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Sodium, Potassium, Blood Pressure, and Cardiovascular Disease in Humans

  • Paul K. Whelton
Prevention of Hypertension: Public Health Challenges (P Muntner, Section Editor)
Part of the following topical collections:
  1. Topical Collection on Prevention of Hypertension: Public Health Challenges

Abstract

The scientific underpinning for recommended levels of dietary sodium and potassium intake is of great importance to healthcare providers and policy decision-makers. Recent clinical trials and meta-analyses confirm the capacity of dietary sodium reduction and potassium supplementation to reduce blood pressure with no harmful effects on blood lipid levels in customary clinical settings. Blood pressure is thought to be a good surrogate for cardiovascular disease events and the most important preventable risk factor for mortality and disability-adjusted life years. Cohort analyses and related pooling studies that have been used to explore the relationship between dietary Na and CVD were all based on secondary analyses of datasets that were not designed for this purpose. Most are of insufficient quality to provide dependable information. The limited information available from clinical trial experience and cohort studies of higher quality suggests a reduction in dietary Na decreases CVD morbidity and mortality. Modeling studies suggest that a small reduction in dietary sodium would result in a sizable general population health benefit. Some countries have experienced a progressive decline in average dietary sodium consumption. However, there is no evidence of a corresponding trend in the United States, and almost the entire population is failing to meet dietary sodium and potassium guideline recommendations.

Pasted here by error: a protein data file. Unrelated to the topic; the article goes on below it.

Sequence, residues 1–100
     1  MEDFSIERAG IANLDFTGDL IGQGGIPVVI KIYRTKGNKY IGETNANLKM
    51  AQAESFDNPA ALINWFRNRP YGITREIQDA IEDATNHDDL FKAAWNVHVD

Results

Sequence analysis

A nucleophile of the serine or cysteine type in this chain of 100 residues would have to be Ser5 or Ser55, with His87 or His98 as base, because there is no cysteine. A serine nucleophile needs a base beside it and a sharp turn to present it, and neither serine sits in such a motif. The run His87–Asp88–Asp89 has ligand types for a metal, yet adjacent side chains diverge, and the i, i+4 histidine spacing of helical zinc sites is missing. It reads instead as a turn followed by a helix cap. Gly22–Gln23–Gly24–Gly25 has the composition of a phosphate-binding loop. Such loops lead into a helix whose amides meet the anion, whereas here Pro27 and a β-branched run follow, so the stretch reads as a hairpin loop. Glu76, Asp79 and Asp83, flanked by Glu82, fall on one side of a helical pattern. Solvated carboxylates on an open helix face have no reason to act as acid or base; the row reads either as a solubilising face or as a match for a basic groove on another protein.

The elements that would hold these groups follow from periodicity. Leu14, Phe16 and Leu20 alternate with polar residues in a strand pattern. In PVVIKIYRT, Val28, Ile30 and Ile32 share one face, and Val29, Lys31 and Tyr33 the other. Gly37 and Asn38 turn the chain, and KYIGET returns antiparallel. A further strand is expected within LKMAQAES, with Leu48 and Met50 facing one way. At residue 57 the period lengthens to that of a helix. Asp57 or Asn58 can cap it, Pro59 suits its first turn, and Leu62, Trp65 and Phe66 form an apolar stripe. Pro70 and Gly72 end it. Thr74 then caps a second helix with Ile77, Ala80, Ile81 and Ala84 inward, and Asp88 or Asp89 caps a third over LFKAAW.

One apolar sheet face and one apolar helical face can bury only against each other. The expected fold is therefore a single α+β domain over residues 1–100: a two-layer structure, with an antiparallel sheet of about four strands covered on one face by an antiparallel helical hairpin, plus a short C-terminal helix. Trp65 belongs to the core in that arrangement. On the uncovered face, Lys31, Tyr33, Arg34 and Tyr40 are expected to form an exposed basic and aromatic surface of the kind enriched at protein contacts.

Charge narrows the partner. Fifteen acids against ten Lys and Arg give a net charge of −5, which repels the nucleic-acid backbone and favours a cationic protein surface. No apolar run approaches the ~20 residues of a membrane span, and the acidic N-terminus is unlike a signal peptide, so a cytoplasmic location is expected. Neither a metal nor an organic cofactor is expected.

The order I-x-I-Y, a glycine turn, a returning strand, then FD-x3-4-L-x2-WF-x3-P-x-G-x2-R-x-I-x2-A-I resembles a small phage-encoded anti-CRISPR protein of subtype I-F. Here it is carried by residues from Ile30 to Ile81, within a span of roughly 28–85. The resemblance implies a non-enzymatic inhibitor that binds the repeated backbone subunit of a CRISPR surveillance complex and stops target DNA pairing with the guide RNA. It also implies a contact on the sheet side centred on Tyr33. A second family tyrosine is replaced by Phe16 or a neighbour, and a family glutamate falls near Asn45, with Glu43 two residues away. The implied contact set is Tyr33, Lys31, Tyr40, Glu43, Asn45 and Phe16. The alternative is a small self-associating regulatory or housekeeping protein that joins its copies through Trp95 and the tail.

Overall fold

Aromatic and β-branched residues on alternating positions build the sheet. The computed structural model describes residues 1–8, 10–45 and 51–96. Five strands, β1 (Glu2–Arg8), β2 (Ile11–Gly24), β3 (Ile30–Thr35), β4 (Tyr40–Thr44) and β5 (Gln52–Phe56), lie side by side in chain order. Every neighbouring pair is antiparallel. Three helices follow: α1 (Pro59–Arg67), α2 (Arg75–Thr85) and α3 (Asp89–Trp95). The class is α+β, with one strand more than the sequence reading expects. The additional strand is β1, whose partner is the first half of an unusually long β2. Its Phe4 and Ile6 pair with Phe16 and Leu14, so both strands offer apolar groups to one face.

Keywords

Sodium Potassium Blood pressure Cardiovascular disease 

Notes

Compliance with Ethics Guidelines

Conflict of Interest

Paul K. Whelton declares that he has no conflict of interest.

Human and Animal Rights and Informed Consent

This article does not contain any studies with human or animal subjects performed by any of the authors.

References

Papers of particular interest, published recently, have been highlighted as: • Of importance •• Of major importance

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Authors and Affiliations

  1. 1.Department of EpidemiologyTulane University School of Public Health and Tropical MedicineNew OrleansUSA

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